Rumpus: You became a mother again many years later, at a societally approved age, and with a partner. What was your experience at that point in terms being a creative writer as well as a parent, now of two kids.
1 I celebrate myself, and sing myself, And what I assume you shall assume, For every atom belonging to me as good belongs to you. I loafe and invite my soul,
Roxane Gay never ceases to amaze me. In her latest, a memoir structured as short bite-sized chapters, she peels away the armor that not only she has but that we all maintain to protect the most vulnerable pieces of ourselves. And in doing so, she reinvents the conversation we have about weight and bodies and eating and trauma and sexuality and culture and and and and. As one of my Book Riot colleagues said about Hunger , Gay spoils us with her honesty; I felt like she pulled out her heart and laid it before me and I wanted to pull apart my own chest in kind. Thank you, Roxane. Thank you.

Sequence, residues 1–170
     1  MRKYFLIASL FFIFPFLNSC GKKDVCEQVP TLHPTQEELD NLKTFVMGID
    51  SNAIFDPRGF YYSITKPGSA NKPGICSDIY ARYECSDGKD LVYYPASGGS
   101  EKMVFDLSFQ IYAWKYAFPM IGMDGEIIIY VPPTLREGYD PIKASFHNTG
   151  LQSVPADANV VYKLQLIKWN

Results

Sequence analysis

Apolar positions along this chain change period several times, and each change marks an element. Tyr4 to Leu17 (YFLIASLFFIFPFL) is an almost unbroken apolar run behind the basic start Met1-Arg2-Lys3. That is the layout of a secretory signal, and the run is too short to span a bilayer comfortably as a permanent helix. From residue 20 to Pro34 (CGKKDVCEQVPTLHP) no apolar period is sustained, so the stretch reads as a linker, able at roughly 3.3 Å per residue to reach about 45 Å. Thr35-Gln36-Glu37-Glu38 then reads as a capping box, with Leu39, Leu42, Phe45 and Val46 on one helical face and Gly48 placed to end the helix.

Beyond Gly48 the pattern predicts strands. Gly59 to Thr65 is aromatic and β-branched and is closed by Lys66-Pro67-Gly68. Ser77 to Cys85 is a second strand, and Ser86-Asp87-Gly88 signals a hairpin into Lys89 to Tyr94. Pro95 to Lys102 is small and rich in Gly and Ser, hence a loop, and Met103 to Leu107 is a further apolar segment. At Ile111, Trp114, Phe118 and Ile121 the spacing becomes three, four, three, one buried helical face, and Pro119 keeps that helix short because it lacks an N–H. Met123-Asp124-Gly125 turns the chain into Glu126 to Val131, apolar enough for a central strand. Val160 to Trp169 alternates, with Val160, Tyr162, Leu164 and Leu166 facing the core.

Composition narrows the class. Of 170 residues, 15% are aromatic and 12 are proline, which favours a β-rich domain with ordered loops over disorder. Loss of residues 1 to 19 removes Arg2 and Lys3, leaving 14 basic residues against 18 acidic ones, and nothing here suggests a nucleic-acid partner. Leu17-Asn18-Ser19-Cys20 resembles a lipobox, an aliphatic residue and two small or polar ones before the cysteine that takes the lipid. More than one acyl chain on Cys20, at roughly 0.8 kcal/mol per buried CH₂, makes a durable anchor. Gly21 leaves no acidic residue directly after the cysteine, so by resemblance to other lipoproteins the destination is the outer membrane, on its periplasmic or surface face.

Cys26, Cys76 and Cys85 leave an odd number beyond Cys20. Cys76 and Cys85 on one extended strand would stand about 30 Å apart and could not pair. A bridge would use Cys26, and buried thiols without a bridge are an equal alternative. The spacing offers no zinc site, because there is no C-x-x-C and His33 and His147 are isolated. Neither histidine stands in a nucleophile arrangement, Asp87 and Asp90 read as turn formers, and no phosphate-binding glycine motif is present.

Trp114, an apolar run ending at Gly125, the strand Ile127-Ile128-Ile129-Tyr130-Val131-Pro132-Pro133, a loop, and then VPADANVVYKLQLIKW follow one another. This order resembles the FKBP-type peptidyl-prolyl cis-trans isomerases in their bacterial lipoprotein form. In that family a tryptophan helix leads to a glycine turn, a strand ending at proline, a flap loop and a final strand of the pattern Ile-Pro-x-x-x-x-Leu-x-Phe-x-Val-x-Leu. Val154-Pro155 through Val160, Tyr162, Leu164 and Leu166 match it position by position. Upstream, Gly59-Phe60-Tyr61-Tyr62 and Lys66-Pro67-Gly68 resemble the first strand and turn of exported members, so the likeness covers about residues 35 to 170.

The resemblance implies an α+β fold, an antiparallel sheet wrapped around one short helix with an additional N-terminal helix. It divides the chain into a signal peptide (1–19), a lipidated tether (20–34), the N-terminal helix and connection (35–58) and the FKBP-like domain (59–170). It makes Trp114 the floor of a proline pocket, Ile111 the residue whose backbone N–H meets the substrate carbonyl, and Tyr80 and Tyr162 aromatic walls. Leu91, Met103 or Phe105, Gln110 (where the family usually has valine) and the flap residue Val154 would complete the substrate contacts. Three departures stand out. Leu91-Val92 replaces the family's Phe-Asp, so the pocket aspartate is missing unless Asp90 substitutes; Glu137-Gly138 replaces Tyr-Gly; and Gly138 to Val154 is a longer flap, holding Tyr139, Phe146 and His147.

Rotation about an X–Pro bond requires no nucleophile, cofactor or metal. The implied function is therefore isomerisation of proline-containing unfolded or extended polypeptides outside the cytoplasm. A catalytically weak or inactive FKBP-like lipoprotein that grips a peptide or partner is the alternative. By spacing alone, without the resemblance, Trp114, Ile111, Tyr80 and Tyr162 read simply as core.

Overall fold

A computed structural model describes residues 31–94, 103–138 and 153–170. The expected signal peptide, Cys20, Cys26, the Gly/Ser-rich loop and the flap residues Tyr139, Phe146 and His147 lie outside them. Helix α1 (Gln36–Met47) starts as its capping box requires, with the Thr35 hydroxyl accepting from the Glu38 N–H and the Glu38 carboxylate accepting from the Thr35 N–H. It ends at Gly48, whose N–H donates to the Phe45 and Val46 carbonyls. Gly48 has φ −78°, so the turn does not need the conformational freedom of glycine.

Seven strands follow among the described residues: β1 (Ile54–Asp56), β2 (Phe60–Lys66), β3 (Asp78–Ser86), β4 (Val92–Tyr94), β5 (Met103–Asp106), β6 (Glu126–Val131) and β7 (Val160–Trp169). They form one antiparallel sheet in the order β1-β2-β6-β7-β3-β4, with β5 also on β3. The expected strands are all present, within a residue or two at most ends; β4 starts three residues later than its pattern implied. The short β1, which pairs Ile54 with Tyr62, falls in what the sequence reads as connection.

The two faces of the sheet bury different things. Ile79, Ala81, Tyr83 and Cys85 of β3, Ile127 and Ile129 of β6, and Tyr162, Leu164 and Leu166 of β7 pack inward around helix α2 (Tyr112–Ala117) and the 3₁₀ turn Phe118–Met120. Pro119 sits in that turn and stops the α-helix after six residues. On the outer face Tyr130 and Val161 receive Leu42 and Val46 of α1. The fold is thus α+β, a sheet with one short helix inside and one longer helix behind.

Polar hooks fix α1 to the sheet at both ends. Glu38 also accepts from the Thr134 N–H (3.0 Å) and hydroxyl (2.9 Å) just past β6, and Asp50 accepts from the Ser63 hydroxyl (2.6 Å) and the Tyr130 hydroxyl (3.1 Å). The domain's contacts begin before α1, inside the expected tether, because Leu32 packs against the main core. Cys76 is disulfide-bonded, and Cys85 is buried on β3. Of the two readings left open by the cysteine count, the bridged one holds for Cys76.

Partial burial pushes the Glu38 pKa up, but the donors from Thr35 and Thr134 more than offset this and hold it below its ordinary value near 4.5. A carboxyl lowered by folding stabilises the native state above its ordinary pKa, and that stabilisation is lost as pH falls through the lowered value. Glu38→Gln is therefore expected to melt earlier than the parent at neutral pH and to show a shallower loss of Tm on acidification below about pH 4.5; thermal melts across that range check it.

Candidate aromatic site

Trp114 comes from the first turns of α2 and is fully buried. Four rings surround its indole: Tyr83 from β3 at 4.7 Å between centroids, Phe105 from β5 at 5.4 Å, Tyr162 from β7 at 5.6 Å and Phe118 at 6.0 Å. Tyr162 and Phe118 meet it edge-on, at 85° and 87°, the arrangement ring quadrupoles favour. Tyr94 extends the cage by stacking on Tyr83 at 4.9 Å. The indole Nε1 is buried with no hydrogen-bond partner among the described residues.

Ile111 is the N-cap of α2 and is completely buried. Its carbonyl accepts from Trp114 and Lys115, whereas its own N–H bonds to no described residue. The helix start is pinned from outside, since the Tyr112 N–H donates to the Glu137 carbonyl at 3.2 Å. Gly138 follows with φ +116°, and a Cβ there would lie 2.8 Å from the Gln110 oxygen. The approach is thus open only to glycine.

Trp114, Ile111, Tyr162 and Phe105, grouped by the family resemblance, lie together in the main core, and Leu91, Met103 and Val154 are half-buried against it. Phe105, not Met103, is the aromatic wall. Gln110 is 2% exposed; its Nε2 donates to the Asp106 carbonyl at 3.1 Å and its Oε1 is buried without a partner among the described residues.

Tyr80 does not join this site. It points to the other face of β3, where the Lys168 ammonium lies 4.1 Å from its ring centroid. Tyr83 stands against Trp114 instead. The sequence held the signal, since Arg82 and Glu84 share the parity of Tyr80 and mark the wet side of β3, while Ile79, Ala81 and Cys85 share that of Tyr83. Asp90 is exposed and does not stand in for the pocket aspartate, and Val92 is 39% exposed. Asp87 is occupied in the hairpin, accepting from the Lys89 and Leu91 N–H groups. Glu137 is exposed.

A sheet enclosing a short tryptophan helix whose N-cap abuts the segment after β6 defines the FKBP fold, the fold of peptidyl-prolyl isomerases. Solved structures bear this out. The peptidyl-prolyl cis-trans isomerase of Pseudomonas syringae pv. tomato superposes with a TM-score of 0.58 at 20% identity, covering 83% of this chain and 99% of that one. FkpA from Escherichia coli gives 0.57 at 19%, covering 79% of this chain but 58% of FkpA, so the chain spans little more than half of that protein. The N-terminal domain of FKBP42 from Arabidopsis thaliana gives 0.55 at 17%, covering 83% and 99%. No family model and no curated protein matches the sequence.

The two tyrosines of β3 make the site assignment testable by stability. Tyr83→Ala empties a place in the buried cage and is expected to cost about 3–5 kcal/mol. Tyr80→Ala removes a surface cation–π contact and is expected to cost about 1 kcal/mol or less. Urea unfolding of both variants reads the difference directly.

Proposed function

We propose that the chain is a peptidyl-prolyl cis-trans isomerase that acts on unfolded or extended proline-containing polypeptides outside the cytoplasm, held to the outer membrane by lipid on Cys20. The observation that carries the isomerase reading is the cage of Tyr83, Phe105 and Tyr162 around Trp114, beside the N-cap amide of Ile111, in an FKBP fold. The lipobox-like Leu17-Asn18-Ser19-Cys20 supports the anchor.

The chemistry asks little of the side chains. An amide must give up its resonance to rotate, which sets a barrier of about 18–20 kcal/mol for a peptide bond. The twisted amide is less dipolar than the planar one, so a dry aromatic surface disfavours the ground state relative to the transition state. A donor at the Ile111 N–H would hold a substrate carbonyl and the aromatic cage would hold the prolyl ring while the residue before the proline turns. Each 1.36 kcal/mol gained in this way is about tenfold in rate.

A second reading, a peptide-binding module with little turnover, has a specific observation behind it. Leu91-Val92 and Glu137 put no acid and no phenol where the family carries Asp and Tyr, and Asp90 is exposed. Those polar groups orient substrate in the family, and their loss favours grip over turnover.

As I said earlier, I saw the structure of the book as a braid, with three stories that wove and wove and wove. But at a certain point the three strands of the braid became one and the narrative was just a straightforward chronological story from that point. That happens on page 231 with the sentence, “That reporter was me.” That’s the moment that all three of the narratives come together, and then it becomes just one. There’s no jumping back in time after that.
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SC: You also report a civil law and politics beat for a news group in Omaha. How has your journalistic knowledge and experience influenced your writing?